Having a ‘no excuses’ policy to all pupils leaving school with a functional reading age – it should be a given, shouldn’t it?
Well, I’m still meeting teenagers with a reading age of 5–7 years who have been excluded from mainstream education. Many of them attended school for eight years plus before ultimately being placed in special schools.
The government consultation on the SEND and alternative provision system in England (sendreview.campaign.gov.uk) states that “Children and young people’s needs are identified late then escalate and become entrenched.
In some cases, a child or young person may be incorrectly identified as having SEN when in fact they have not had sufficient access to high quality teaching, particularly in reading and language.” This conclusion was drawn in 2022, but for how long has it been the case?
“Educational trends come full circle” has echoed around staffrooms over the years. As a ‘special needs/remedial kid’ of the 1980s, I know only too well what it feels like to be a struggling reader.
No surprise then that I can spot them a mile off! If only my teachers had noticed: I was always the one who chose the books with the best front-cover designs in the school bookshop, never actually reading them.
I spent most of ‘quiet reading’ times in the book corner, finally selecting the thickest book just as the session was finishing. My heart would jump out of my chest as I was called up to my Year 6 teacher’s desk to do a reading test, involving a list of words that got progressively harder.
I deliberately ‘failed’ an eye test to get glasses so that I could then ‘forget’ the glasses and get out of reading out loud in class.
At secondary school, when we had a class novel and everyone had to take a turn reading a page, I paid no attention to the story as I was too busy predicting the page which would land on me and frantically rehearsing it; or I would time my request to go to the toilet to avoid my turn altogether.
Finally, at university, I was called in after my first essay submission and asked if anyone had highlighted my dyslexia…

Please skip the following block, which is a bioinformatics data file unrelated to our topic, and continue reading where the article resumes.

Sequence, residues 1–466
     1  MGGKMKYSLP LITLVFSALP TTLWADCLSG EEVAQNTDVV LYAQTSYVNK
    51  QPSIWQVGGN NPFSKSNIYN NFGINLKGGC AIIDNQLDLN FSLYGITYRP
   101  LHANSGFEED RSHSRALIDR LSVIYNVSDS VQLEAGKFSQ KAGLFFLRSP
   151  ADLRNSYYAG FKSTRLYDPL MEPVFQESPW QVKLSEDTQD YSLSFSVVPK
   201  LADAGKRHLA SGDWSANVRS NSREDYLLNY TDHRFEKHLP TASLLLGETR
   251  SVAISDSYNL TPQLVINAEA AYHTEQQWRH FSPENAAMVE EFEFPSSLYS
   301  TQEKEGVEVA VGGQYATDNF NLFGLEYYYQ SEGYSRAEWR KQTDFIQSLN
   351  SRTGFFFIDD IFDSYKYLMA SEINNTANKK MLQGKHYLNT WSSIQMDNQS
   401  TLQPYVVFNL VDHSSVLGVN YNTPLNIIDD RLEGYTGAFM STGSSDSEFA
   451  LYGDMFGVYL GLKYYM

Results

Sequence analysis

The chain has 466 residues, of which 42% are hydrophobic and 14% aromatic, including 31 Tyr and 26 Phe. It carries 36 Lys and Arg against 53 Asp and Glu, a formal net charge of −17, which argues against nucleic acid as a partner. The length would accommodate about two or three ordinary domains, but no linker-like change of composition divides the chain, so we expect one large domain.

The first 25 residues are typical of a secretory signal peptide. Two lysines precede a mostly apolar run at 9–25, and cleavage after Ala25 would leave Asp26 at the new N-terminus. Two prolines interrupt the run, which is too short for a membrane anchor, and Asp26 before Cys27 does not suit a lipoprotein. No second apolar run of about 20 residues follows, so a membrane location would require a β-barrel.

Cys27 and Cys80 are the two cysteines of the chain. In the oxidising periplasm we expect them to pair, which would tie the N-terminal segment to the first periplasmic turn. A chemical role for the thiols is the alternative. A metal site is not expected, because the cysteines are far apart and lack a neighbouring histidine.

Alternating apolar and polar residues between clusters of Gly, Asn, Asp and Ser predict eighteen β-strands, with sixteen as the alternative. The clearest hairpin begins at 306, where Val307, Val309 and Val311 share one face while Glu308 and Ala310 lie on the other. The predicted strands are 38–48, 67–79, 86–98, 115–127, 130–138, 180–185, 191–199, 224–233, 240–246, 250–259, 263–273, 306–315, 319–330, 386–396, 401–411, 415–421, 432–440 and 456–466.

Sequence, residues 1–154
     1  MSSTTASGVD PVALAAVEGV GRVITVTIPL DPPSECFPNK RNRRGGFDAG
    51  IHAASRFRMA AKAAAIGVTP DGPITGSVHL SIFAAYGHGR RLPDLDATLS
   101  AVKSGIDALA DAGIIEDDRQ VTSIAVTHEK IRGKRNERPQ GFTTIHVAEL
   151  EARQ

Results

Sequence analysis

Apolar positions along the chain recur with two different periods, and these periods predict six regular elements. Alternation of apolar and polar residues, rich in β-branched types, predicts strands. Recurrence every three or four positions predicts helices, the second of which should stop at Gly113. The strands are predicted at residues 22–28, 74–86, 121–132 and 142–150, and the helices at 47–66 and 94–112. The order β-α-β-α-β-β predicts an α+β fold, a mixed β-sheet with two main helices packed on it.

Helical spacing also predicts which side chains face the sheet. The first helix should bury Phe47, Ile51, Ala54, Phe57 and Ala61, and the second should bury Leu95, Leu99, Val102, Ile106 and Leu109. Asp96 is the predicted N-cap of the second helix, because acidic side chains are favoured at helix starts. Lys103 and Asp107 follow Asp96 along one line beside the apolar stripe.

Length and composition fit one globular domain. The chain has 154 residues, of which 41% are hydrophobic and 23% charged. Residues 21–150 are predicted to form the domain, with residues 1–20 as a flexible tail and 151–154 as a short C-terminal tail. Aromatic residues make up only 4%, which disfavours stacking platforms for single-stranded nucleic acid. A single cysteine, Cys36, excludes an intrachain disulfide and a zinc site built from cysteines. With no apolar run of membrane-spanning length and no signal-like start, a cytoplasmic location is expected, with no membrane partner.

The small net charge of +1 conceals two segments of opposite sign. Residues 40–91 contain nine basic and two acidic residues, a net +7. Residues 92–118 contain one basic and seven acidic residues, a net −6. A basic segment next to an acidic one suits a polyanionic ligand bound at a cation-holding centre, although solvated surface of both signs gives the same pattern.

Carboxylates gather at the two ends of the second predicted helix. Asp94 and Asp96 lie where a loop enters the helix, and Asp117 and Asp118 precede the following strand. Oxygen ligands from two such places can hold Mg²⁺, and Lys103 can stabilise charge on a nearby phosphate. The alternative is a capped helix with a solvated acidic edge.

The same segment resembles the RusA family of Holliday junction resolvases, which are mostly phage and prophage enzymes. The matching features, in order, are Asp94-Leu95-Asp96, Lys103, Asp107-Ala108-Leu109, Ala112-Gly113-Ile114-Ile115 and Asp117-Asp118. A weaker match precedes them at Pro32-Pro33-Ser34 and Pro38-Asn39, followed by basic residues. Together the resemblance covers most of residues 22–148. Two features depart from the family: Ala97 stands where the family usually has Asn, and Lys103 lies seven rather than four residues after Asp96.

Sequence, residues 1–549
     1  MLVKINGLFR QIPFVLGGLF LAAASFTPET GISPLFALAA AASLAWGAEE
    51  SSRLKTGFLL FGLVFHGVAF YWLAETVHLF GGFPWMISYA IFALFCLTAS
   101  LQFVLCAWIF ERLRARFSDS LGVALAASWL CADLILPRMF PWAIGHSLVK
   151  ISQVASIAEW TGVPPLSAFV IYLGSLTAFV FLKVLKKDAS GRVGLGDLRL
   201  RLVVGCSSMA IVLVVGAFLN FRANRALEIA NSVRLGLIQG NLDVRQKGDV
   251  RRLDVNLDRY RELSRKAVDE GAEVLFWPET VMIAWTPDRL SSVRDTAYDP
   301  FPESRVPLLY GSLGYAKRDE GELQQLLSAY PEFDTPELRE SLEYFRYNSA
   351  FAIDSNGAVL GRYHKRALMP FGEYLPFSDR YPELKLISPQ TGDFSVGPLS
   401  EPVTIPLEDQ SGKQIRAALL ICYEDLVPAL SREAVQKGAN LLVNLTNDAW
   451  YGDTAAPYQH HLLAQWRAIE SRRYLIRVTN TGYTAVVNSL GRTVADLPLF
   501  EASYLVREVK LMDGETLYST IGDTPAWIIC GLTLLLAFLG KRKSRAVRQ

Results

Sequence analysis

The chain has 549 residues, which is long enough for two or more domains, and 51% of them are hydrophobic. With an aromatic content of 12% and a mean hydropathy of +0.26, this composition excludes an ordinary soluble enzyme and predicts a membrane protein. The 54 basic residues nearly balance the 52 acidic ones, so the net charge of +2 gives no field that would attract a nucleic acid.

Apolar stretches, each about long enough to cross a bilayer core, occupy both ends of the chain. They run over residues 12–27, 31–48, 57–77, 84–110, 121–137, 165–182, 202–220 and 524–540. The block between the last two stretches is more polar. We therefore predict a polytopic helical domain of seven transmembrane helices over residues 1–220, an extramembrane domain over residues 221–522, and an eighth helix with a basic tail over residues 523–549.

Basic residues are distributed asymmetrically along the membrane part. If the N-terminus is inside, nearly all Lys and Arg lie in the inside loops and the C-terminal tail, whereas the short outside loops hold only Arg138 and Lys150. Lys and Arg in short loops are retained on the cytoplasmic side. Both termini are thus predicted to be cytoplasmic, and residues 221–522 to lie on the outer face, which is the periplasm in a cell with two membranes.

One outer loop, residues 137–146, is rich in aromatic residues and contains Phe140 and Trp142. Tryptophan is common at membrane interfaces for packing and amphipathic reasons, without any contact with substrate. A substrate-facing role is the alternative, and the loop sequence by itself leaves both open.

What can we learn from the 1980s ‘special needs kid’ who was taught from behind the orange hessian curtain? What worked for me?
Well, I loved listening to stories. My dad read them to me at bedtime. My mum struggled with reading herself, so delegated this job. She subscribed to the audiobook/magazine ‘Story Teller’ and I listened to every one of the books she had… several times.
She also bought the Ladybird book scheme and I read them over and over again too, without the humiliation of them being ‘too young’ for me. Familiar books provided much comfort as I enjoyed ‘sounding like a reader’.
I loved author visits. I remember the car Gumdrop (from the Val Biro books) came to our school and I proudly stood next to it for a photo.
The author Helen Cresswell visited, and every class produced a creative piece based on one of her books, The Bongleweed, and ‘My Aunt Polly’s Scarf’ was displayed in the hall (every family knitted a section). My class had ‘Lizzie Dripping’ puppets and put on a show.
Despite coming from a relatively working-class family – my mum was a cleaner and childminder and my dad was a printer – an annual pantomime trip was always prioritised.
Although my academic achievements in formal tests were way below age-related standards at primary school, I didn’t feel the pressure from my school or my family. I remember my mum’s mantra, “As long as you keep trying, you can’t do better than your best.”